As a whole, the course attempted to inform us that the way forward was to co-operate with your ex-partner and to work together in the interests of your children. We were given hints and tips on how to be good parents and how we should all strive to co-parent successfully with our ex-partners.
Later on in the day we were encouraged to have open discussions about our own experiences. One attendee informed the group how his ex-partner had been allowed to breach in excess of 20 Court Orders over the last 11 years with little to no consequence. At present he had not seen his daughter for almost 12 months. Another attendee explained how his ex-partner had handed over his child with a soft-toy that he subsequently found a hidden camera inside. Throughout these discussions we were discouraged from using the term ‘parental alienation’. “We must be careful when using the term parental alienation” we were told by one of the course facilitators.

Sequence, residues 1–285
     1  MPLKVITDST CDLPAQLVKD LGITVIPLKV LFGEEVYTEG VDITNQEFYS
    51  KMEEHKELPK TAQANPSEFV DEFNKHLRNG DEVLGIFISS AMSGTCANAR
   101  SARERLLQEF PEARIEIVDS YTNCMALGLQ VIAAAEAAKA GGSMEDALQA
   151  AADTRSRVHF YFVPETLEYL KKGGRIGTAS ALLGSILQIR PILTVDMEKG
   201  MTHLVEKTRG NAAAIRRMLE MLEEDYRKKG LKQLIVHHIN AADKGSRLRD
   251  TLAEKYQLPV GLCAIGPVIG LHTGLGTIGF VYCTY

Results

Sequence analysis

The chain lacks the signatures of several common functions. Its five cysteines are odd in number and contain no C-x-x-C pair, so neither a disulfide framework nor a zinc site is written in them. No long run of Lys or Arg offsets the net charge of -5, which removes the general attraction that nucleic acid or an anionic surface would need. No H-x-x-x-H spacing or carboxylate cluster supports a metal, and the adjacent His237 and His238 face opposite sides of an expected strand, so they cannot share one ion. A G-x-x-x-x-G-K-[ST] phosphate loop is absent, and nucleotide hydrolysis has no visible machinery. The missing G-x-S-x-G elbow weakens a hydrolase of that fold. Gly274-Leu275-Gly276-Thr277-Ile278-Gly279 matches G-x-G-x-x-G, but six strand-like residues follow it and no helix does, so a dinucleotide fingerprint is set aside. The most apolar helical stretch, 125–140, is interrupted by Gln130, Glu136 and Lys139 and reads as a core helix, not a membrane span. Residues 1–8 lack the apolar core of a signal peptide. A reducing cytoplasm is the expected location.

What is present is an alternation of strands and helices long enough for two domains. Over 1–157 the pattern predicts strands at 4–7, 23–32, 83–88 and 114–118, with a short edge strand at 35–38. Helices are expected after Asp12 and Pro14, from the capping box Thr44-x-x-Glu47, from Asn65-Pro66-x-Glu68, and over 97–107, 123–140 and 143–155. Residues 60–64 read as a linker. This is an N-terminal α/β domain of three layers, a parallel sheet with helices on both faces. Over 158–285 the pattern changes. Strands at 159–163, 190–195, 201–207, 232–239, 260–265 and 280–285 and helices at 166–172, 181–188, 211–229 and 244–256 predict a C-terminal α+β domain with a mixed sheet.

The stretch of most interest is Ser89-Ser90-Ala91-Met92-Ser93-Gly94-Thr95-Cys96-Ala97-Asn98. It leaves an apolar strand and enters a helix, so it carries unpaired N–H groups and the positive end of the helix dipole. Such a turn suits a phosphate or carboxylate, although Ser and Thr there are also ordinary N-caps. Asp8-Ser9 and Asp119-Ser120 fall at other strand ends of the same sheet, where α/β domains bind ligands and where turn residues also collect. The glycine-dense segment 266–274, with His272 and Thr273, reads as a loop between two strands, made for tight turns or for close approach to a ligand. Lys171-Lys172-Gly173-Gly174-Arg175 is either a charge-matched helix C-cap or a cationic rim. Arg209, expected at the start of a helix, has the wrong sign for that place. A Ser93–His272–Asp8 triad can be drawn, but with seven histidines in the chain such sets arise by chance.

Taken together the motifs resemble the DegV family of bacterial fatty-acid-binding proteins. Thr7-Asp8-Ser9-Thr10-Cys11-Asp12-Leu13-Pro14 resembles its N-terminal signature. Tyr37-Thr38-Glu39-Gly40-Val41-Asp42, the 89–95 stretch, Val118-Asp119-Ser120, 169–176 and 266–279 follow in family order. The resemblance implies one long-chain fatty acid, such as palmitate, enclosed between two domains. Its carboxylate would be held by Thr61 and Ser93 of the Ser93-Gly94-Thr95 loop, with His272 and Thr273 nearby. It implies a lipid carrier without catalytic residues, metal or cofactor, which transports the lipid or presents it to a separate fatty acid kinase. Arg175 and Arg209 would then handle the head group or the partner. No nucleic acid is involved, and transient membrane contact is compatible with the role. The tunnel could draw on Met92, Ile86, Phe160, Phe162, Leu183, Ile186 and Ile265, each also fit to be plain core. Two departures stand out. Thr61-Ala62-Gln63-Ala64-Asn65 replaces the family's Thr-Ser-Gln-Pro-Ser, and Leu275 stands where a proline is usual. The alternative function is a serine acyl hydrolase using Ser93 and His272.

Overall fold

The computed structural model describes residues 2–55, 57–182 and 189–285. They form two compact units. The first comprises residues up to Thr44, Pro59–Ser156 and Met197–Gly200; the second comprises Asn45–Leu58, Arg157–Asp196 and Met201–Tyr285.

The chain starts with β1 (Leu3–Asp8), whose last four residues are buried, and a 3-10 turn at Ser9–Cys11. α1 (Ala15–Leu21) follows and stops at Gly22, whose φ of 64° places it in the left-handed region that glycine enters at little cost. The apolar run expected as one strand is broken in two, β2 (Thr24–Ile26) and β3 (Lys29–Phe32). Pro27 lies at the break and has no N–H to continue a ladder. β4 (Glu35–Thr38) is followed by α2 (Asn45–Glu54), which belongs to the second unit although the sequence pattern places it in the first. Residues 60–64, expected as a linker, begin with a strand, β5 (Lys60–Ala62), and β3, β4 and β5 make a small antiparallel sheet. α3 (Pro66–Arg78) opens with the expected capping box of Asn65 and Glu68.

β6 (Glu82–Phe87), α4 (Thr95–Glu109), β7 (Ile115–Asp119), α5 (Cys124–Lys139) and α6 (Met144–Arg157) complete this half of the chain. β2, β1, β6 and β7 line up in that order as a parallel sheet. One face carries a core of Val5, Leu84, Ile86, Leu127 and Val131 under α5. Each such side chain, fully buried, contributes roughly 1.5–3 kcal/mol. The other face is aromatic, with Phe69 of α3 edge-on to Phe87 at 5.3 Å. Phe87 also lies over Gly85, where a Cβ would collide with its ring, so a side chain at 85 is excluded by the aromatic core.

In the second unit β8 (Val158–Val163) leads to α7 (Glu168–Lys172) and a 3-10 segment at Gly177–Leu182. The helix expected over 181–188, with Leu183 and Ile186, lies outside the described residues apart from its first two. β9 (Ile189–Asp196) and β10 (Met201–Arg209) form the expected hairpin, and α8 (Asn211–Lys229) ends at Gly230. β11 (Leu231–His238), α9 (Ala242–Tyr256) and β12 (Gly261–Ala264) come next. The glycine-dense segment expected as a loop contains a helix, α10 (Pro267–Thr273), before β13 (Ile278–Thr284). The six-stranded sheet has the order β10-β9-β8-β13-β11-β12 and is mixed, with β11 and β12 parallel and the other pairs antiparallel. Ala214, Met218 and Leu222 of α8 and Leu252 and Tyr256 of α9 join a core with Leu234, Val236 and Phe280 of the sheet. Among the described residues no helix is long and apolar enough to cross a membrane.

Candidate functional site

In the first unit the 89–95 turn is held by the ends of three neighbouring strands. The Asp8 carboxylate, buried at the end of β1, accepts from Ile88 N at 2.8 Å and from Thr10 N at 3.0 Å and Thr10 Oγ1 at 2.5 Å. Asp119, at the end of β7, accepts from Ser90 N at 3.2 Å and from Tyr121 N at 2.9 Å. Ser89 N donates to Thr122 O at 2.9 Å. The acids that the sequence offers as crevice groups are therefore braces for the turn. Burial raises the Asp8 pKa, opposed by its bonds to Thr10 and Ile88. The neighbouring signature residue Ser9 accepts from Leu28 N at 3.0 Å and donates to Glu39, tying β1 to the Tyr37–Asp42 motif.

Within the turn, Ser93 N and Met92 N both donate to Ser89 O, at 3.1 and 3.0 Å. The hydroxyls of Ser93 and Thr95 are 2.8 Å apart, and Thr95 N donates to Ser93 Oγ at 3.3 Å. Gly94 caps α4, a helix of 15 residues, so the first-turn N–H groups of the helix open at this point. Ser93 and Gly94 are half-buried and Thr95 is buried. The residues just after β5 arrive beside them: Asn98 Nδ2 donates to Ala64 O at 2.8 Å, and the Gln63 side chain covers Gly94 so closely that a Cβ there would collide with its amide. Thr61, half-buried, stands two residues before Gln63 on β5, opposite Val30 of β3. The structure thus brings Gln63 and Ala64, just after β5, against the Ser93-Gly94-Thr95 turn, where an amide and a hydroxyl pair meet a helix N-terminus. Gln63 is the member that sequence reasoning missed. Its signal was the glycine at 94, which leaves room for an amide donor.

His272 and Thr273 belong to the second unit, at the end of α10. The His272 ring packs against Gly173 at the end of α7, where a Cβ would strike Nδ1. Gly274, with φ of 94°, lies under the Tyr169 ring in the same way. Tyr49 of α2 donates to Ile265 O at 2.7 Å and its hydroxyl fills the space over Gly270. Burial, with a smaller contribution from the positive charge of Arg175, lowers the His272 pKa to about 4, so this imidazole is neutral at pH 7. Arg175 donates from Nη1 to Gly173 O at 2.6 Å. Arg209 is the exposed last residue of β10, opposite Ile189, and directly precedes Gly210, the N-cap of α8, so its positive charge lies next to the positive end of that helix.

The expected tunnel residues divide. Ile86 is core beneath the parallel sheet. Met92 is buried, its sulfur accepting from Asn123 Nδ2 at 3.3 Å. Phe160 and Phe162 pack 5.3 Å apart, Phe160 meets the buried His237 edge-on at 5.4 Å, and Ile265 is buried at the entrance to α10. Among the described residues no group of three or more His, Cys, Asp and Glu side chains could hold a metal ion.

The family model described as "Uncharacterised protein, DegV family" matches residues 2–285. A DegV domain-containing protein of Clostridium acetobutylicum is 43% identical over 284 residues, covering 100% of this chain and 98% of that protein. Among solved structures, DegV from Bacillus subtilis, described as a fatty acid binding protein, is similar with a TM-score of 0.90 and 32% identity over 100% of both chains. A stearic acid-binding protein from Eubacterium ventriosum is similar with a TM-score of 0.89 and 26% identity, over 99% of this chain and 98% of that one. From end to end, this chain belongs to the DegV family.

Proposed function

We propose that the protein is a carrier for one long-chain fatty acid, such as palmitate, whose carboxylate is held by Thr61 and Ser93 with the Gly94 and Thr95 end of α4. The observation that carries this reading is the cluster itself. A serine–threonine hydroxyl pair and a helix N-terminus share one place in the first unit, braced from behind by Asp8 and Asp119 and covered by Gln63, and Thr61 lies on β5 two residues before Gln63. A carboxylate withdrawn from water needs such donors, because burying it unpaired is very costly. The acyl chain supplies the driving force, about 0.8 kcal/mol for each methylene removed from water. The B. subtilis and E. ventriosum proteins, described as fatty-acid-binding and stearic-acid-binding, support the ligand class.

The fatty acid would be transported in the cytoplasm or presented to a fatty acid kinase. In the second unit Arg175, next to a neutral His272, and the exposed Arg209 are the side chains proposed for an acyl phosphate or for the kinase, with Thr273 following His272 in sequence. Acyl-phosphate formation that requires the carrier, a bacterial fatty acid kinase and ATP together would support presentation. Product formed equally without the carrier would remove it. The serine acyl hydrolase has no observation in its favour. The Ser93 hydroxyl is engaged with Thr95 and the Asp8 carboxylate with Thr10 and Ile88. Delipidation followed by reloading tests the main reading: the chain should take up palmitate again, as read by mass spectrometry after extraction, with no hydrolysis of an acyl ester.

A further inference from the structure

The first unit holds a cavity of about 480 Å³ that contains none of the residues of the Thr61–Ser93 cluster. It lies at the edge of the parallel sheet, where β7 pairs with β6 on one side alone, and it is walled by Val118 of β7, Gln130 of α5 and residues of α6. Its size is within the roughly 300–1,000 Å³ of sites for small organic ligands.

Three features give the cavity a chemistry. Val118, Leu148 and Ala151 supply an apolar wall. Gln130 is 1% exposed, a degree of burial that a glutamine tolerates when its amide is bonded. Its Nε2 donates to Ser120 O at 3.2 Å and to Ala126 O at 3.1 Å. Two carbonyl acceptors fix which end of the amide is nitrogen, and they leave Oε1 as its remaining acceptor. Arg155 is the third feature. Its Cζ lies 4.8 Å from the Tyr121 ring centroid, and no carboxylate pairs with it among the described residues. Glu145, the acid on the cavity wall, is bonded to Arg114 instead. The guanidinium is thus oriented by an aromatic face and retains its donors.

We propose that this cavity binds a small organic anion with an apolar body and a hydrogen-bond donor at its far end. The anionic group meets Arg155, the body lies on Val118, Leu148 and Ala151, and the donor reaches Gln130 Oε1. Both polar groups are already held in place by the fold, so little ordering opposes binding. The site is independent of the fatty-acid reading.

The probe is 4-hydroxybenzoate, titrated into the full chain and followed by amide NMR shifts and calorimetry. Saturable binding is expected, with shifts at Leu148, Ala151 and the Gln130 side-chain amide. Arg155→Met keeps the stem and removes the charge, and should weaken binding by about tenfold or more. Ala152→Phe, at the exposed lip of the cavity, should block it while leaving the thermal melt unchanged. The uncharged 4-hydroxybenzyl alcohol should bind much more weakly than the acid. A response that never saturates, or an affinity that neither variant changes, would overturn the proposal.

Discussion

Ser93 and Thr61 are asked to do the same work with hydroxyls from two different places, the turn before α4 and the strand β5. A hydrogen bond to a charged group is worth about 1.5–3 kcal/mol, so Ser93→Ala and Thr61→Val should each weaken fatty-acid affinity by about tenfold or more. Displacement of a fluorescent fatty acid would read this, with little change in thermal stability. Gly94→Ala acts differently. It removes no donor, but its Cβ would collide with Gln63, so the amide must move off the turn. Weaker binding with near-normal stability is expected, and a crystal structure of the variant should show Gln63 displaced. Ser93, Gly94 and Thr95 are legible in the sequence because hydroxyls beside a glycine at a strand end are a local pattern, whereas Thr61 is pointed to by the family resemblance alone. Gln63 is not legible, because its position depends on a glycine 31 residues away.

One section of the course highlighted to us the turmoil children go through when parents are unable to separate successfully. Terms such as mistrust, turmoil, estrangement, anxiety, anger issues, distress and depression were used to further emphasis the point. Another well intentioned, but naïve point on the part of the course facilitators. For me (and other attendees I’m sure) a poignant reminder of what our children are currently going through, and an additional reminder of how powerless we are to do anything about it at the present time.